Associate Professor Jackie Center
Associate Professor Jackie Center has been involved in the study of osteoporosis for more than 15 years. She is especially interested in the consequences of osteoporosis and osteoporotic fractures, such as why there is an increased risk of premature mortality following a trauma fracture, particularly within the first five years.
At present, we are unable to predict those who do badly after a fracture and this is one of the areas Associate Professor Center is working on. Another major interest is the translation of the finding in mice that novel neural pathways and gut hormones have large effects on bone metabolism and appetite regulation. Center is conducting a study of weight loss in humans, exploring these relationships.
Center is one of the Garvan Dubbo Osteoporosis Epidemiology Study’s (DOES) lead researchers. The results of DOES have, and continue to not only change the way the world thinks about the biology of osteoporosis, but also our knowledge of the effects of this disease and its treatment.
Dr Alexander Viardot
Dr Viardot is involved in basic and clinical research projects that focus on abnormalities in the immune system and appetite suppressing gut hormones in the early development of obesity and Type 2 diabetes. He is particularly interested in the earliest defects which occur many years before diabetes, with the aim of unraveling the primary defects and underlying disease mechanism. He is also studying subjects with Prader-Willi Syndrome, a known genetic cause of obesity associated with impaired appetite regulation, aiming to identify new treatment options.
Another new research area is the development of personalised algorithms for the treatment of Type 2 diabetes. Knowing that not all patients respond equally to the available medicines, he will explore novel ways how to predict which drugs will work best in any individual patient, making the treatment more efficient by simultaneously reducing side effects and costs. Dr Viardot hopes that this will lead to new ways of treating and managing Type 2 diabetes.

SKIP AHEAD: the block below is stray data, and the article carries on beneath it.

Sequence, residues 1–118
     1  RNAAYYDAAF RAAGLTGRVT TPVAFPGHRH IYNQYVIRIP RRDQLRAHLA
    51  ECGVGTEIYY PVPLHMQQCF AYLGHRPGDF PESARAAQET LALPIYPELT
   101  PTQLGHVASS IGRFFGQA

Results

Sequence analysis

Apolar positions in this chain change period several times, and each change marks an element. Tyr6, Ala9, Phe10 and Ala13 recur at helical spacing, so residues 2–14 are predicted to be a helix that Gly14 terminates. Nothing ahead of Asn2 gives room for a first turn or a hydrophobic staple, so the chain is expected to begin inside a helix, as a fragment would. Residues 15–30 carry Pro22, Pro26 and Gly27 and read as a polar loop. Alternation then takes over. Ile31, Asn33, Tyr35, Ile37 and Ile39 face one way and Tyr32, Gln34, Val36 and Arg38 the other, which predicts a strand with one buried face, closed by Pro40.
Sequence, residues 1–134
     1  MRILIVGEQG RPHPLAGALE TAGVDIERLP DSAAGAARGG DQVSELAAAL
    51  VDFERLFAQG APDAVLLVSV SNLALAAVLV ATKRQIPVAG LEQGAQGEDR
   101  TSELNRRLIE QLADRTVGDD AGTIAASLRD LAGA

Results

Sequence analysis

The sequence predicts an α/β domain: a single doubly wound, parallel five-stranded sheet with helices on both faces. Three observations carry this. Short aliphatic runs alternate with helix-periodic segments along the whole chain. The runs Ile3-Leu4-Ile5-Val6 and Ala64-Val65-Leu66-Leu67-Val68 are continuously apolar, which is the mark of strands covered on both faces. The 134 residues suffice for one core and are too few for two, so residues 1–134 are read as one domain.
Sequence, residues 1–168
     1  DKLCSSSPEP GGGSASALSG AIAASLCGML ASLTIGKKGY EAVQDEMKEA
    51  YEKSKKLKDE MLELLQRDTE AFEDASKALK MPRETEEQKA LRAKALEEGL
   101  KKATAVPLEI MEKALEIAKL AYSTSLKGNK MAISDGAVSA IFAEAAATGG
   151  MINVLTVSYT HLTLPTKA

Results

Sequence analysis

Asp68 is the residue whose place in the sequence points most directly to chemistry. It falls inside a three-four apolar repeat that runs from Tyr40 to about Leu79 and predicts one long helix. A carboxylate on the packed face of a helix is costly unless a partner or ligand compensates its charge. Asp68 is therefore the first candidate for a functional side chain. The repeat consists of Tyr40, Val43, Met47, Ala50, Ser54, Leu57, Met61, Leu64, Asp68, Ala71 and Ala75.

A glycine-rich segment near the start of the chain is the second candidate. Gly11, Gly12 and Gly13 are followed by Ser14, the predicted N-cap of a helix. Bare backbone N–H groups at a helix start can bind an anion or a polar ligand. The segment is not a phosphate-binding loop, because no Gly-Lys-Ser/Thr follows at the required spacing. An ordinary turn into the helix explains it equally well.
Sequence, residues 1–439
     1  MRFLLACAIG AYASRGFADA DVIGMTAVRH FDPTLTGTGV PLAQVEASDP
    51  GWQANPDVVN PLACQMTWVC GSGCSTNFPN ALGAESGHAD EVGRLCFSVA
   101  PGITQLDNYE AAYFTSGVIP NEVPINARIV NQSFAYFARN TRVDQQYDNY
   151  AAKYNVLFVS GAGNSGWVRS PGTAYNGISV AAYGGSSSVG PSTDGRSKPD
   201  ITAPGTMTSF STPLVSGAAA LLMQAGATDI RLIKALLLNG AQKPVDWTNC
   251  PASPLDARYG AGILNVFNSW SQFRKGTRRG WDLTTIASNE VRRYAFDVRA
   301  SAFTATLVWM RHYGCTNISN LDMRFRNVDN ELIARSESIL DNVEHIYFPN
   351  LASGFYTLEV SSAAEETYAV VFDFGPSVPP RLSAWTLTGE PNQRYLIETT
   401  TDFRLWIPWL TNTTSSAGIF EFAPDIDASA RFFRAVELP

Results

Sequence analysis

Kylie Ironside, Garvan Research Foundation
Ph. 02 9295 8116
David Faktor, St Vincent’s Hospital
Ph. 02 8382 2866
The Garvan Institute of Medical Research was founded in 1963. Initially a research department of St Vincent's Hospital in Sydney, it is now one of Australia's largest medical research institutions with over 600 scientists, students and support staff. Garvan's main research areas are: Cancer, Diabetes & Obesity, Immunology and Inflammation, Osteoporosis and Bone Biology and Neuroscience. Garvan's mission is to make significant contributions to medical science that will change the directions of science and medicine and have major impacts on human health. The outcome of Garvan's discoveries is the development of better methods of diagnosis, treatment, and ultimately, prevention of disease.
ABOUT ST. VINCENT'S HOSPITAL
St Vincent’s Hospital, Sydney is Australia’s second oldest hospital. The Hospital forms the centre of one of the country’s largest research and biotechnology precincts on which several prominent research institutes are located. A major public tertiary and teaching hospital, St Vincent’s has a long-standing reputation for both its research focus and treating high acuity and complex patients, attracting referrals on a state-wide and national basis.